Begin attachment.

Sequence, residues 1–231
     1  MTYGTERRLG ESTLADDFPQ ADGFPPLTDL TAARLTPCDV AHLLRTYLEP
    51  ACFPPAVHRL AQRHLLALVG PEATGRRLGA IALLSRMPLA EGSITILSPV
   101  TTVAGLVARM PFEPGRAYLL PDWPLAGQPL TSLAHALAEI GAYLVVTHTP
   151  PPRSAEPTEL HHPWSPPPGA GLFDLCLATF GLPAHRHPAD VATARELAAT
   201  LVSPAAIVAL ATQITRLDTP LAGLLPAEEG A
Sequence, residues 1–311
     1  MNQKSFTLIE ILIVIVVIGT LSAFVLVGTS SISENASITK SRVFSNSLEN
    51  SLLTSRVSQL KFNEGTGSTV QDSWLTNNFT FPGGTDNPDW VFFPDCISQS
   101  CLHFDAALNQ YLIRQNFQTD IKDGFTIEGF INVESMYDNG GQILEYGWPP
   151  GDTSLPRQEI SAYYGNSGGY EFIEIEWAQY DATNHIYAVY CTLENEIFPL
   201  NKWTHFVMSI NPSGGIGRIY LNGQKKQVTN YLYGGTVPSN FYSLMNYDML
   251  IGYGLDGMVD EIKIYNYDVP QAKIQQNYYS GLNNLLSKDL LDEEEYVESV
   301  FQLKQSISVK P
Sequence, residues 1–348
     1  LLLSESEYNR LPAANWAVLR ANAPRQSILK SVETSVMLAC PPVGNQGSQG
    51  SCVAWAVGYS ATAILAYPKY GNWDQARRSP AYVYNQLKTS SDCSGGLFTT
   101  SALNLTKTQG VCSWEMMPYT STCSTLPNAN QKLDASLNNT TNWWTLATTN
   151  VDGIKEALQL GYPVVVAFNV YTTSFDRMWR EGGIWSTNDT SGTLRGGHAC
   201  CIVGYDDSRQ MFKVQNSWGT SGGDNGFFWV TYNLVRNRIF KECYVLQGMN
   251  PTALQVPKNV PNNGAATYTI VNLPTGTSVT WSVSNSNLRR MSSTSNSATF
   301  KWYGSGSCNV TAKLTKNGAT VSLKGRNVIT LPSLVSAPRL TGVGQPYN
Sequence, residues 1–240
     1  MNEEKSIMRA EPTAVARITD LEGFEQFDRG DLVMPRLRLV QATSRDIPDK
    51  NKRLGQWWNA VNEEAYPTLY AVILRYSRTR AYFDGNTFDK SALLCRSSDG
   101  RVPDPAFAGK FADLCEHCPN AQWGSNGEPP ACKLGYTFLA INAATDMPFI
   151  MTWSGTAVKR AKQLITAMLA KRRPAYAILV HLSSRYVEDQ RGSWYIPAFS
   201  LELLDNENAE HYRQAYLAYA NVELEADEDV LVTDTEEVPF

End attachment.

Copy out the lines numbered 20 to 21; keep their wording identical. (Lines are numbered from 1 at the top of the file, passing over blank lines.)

   201  CIVGYDDSRQ MFKVQNSWGT SGGDNGFFWV TYNLVRNRIF KECYVLQGMN
   251  PTALQVPKNV PNNGAATYTI VNLPTGTSVT WSVSNSNLRR MSSTSNSATF